“Unless I’m occasionally wrong, I’ll never know if what I think is the best is actually still the best,” says Zettelmeyer.
What the best companies do
Of course, companies have many good reasons for not wanting to lavishly reward incompetence or promote a manager whose decision-making appears to be limited to currency flips.
Instead, leading companies have adopted a fundamentally different strategy for thinking about big data.
“The best companies are investing heavily now in data creation, data design,” Anderson says. “They intentionally inject variability into the data.”
Whether they’re experimenting with how many days it takes to deliver a package, how to set prices, or how best to maintain an aging fleet of vehicles, these elite companies understand that experimentation and variability must be built into the DNA of the organization.
“It’s only a small fraction of companies” that do this, maybe five percent, Anderson says.
So what should most managers do differently?
“When you take a business action, you have to keep in mind what the impact is on the utility of the data that’s going to come out of it,” says Zettelmeyer.
This requires the foresight to understand the questions you might want to answer in the future, as well as the discipline to work behind those questions to ensure you are prepared to receive data that is rich and useful.
A company developing a national advertising campaign, for example, may decide to modify the campaign in significant ways only in select markets or to scale the rollout by region. While there may be short-term costs in terms of efficiency and optimization, the resulting data has the potential to teach the company going forward.
Don’t relegate Data Science to Data Scientists
Such foresight cannot be the purview of a single employee or group in an organization, the stress of the couple. This is because decisions about how to experiment must be made with specific problems in mind.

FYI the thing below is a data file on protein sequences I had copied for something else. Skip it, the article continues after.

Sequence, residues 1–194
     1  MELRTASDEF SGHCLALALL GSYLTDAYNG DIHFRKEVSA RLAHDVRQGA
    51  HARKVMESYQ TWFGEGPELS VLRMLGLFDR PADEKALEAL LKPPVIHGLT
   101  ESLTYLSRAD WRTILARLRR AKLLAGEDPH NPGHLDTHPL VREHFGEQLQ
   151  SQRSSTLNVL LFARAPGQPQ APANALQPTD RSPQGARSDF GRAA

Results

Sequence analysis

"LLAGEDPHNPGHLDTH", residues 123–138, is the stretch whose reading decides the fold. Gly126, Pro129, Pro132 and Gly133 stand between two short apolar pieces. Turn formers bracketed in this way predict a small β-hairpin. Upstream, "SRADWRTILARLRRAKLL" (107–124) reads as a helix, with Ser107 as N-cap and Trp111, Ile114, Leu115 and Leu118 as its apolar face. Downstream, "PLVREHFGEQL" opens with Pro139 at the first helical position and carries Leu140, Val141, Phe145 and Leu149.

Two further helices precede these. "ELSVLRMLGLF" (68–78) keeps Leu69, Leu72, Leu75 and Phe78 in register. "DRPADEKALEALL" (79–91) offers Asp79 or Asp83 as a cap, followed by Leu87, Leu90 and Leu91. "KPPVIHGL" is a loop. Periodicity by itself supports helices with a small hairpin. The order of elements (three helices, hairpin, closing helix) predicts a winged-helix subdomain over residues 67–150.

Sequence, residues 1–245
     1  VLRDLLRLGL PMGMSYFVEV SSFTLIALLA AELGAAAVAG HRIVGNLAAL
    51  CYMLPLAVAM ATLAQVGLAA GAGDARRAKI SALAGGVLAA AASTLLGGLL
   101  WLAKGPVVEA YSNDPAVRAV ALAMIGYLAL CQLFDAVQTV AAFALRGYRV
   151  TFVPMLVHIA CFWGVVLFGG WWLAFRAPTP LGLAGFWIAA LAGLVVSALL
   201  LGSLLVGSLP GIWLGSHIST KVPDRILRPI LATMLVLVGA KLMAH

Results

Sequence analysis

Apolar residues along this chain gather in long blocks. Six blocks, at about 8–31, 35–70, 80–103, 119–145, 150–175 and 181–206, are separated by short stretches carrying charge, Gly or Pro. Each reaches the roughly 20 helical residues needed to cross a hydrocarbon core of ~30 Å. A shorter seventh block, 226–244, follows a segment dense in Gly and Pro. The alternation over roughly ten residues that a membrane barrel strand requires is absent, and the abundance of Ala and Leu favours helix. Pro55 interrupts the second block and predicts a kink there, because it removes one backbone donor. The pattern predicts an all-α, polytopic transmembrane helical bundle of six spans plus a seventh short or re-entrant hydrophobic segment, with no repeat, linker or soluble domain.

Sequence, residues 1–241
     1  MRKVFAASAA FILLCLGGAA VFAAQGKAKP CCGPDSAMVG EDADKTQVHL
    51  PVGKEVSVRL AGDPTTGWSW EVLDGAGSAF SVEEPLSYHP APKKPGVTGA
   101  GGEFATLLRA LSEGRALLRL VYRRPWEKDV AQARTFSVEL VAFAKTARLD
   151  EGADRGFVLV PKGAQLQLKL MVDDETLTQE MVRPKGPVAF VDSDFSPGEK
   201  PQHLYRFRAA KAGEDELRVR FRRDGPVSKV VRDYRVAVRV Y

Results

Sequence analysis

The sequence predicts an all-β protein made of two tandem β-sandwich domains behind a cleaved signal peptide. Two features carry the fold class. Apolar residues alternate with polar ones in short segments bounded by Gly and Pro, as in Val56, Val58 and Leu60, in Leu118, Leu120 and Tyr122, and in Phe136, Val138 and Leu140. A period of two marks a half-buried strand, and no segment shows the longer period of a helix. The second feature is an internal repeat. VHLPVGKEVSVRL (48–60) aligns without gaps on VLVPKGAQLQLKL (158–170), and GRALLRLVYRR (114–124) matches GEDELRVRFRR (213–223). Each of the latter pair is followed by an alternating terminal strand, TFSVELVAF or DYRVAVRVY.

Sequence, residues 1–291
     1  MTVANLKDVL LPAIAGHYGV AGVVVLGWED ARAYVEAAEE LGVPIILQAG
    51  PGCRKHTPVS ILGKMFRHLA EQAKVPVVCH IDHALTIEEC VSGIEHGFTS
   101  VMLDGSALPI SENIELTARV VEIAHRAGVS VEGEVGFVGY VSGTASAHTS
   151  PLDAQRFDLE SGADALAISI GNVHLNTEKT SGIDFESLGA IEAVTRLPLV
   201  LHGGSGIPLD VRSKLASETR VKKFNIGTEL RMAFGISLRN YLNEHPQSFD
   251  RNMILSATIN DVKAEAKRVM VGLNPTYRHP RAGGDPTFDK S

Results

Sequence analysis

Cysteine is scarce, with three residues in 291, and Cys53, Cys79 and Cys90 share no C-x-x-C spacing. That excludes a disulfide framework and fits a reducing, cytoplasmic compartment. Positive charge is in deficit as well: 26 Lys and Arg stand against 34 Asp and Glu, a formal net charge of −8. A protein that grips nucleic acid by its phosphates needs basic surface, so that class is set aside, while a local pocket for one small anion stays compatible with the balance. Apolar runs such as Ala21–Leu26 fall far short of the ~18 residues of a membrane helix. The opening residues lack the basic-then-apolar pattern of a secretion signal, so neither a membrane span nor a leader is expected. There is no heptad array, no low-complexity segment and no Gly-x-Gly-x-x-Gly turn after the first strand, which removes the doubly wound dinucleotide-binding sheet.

“It spans the entire organization, so it has to be a cultural shift in how we think about our day-to-day operations,” says Anderson.
The key, says Zettelmeyer, is to “get yourself into the situation you’re going to be in in the future.” What data would be useful to have to make the Next decision, and the Next a? What relationship between the variables do you want to prove? And how could you design an experiment to prove this connection, given your existing capabilities and limitations?
And keep in mind that the infrastructure this requires may be quite different from that needed to manage much of the big data flowing through an organization. For example, the high-level dashboards that senior leaders are used to may not be able to distinguish between many subtle but important differences in when a campaign was launched, for example, or how a delivery path was created.
“It’s a very different thought process in terms of how you would actually build an IT system to support experimentation,” says Anderson.
So instead of trying to outsource this task to a dedicated data science team—or worse, to a single piece of software—Anderson and Zettelmeyer recommend that companies train managers in how to think about and ask questions about data. .
“It requires a working knowledge of data science,” says Zettelmeyer. “That’s a skill set that managers need to realize that this is something they need to take on.”